In a time long before digital he had taped the single "Brown Eyed Girl" by Van Morrison over and over. The tape played continuously in the background. There was a skip in the single. Recording it over and over, Waterman had had to go over every time and push it off the skip. The timing always slightly different. The piece became almost conceptual. Phoebe, Dick, and I talking, "Brown Eyed Girl" playing over and over, the snow gently falling outside the window. He did talk about Paul Pena, whose first album had just come out, at one stretch quite a bit. Showing us the album, playing cuts. But always he drifted back to "Brown Eyed Girl" playing over and over again. His brown-eyed girl, Bonnie Raitt, now romantically lost to him. The scene was awash in loss and emptiness.
Another night a few years later, Boston in the rearview mirror, racing ahead of an impending snow storm, I drove my just purchased VW Bug west along I-90 across Massachusetts to head to 91 North up to Vermont. The car was not new. I had bought it from a co-worker of my mom's in New Jersey. He seemed very fastidious, and the car seemed like a good buy.
Outracing a storm is not exactly exciting. Usually that is because you are screwed; the storm is going to overtake you and bury you, and the only issue is as to how far you might get first. One hoped to make the house of friends, only they lived quite a bit away, so this seemed unlikely. There were always motels or sleeping in your car for a bit while they cleaned the highway, which they are very good about doing in the Northeast during a blizzard.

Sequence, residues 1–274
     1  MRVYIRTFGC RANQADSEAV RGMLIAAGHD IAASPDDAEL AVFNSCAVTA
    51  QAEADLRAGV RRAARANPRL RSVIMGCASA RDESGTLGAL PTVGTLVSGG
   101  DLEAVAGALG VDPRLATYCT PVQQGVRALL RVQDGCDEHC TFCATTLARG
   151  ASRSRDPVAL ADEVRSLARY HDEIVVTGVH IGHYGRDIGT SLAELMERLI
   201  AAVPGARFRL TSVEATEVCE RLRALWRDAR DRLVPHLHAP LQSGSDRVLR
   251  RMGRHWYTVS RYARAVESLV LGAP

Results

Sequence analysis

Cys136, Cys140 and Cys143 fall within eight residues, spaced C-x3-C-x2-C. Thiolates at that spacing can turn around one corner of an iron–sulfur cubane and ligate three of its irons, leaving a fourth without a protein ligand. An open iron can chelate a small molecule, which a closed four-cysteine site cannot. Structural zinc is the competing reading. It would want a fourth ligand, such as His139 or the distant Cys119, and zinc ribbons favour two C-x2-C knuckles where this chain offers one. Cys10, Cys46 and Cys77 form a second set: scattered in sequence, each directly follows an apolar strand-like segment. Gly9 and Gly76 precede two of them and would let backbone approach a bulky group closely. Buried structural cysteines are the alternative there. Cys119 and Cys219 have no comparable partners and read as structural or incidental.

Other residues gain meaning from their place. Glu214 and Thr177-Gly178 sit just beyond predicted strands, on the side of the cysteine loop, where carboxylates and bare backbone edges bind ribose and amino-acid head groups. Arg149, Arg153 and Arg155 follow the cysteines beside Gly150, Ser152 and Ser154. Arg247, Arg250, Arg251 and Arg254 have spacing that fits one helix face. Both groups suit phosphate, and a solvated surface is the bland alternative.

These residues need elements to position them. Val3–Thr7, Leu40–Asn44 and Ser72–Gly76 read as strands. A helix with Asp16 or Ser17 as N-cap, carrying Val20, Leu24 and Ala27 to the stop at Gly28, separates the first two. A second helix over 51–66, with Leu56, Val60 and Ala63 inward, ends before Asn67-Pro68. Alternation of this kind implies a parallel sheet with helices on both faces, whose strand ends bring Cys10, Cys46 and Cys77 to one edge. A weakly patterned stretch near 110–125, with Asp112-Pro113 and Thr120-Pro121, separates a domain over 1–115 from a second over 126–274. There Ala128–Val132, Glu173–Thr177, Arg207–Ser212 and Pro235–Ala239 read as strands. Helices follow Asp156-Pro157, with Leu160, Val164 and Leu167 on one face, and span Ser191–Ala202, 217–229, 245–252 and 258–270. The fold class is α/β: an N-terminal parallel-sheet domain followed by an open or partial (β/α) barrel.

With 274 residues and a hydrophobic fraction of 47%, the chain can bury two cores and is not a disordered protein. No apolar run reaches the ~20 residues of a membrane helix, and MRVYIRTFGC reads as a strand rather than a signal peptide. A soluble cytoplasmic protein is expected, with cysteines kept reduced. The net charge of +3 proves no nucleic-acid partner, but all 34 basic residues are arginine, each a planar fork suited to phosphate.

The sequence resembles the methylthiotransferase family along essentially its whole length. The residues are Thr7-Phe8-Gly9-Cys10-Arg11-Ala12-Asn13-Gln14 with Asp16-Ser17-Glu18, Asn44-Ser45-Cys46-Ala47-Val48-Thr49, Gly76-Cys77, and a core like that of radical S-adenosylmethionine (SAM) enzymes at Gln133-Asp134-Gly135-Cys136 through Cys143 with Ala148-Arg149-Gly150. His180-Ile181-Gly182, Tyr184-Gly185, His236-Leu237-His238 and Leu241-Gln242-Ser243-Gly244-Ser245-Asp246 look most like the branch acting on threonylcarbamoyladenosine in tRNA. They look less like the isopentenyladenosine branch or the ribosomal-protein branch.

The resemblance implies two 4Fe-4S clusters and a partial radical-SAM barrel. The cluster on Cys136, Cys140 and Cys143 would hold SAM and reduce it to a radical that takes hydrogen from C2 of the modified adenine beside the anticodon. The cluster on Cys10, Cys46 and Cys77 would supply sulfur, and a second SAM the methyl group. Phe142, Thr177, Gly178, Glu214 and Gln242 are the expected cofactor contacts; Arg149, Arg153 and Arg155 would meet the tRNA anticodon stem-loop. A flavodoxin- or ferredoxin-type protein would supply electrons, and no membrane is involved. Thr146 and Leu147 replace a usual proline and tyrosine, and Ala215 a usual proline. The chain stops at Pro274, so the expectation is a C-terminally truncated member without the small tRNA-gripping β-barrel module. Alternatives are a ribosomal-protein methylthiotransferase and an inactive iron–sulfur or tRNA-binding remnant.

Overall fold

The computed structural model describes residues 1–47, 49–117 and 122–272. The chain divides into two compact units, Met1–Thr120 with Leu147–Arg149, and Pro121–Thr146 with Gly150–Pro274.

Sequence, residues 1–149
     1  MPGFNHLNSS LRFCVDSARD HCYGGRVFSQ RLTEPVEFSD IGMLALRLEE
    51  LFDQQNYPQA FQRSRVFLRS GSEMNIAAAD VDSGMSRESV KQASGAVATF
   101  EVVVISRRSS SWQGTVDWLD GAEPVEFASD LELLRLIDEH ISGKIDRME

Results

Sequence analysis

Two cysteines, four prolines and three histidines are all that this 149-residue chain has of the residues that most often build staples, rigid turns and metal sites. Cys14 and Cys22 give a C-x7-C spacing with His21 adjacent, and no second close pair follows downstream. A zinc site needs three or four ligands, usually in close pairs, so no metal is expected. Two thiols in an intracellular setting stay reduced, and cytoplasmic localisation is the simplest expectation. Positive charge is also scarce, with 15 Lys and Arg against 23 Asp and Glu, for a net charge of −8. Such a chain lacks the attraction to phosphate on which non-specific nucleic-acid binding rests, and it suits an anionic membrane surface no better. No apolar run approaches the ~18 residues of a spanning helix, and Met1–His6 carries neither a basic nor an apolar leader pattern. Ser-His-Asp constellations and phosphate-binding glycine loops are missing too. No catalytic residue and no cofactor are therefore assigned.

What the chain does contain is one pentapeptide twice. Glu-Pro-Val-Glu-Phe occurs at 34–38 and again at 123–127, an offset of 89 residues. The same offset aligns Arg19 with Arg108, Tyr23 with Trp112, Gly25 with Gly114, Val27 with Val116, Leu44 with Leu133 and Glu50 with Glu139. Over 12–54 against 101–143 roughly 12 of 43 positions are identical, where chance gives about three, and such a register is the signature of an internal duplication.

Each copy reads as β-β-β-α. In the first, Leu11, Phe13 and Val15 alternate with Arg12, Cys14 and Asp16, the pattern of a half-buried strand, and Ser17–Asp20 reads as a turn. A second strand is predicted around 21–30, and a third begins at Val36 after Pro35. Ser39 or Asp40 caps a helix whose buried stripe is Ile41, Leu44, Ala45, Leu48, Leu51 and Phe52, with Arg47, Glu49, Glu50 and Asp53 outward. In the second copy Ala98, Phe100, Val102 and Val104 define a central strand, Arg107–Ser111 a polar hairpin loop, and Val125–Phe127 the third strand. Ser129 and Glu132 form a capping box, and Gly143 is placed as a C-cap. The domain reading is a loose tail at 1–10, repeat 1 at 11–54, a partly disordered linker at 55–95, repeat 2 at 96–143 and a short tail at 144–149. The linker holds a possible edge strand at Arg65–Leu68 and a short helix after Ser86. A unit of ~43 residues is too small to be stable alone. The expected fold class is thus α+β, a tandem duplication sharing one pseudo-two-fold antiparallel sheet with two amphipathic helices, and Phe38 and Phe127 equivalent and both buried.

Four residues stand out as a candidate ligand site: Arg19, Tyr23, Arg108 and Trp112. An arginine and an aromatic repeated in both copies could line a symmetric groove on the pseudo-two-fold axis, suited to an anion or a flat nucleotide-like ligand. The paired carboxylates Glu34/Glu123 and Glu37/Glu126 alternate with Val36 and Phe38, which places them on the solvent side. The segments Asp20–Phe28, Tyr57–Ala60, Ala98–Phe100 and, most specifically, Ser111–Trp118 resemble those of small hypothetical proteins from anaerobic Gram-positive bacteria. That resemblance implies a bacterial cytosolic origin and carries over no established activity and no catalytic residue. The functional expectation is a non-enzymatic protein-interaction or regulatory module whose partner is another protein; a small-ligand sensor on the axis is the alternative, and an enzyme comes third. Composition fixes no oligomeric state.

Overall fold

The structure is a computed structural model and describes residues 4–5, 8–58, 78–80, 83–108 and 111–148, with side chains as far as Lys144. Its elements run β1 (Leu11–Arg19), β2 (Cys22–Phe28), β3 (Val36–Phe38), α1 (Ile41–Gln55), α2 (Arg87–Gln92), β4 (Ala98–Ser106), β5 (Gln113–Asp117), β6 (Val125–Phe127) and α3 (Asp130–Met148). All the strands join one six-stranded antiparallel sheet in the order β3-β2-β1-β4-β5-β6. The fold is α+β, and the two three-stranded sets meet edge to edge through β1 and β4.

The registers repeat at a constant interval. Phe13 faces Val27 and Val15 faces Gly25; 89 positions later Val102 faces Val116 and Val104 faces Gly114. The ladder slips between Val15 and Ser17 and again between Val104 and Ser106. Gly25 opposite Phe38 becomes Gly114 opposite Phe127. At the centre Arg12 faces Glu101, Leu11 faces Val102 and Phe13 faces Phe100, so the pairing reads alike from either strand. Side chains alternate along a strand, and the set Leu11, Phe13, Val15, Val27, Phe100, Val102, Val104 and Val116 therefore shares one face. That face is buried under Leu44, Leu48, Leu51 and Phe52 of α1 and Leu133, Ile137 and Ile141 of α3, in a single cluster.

Driving down the highway the snow quickly started getting thicker. This is always the most dangerous time, at the very beginning of the storm, when the highways are their slickest. As I strained to see ahead through the windshield into the swirling snow-flecked dark, suddenly I saw a car turned over on its side up ahead.
It was in the middle of the highway. I pulled over to the shoulder. Parked and raced over to the car.
The door on the driver's side was taped shut. I was trying to pull the tape off from the outside as the couple inside were trying to pull the tape off from their side. Suddenly heading down the highway, powerful headlights cut through the snow from far behind. I got to the side of the road but then ran forward trying to wave the driver down. He saw me. Slowed down.
Getting out of his cab, we soon had the couple freed from the car. We pushed their car upright and over to the shoulder. But it was going nowhere that night. Without discussion they came with me. Now more than ever the storm was upon us.
The next morning I would realize that all four of the VW Bug's tires were bald. At that moment I didn't even know what a bald tire was. But the going was rough and getting worse. We pulled off the highway, found a motel, shared a motel room.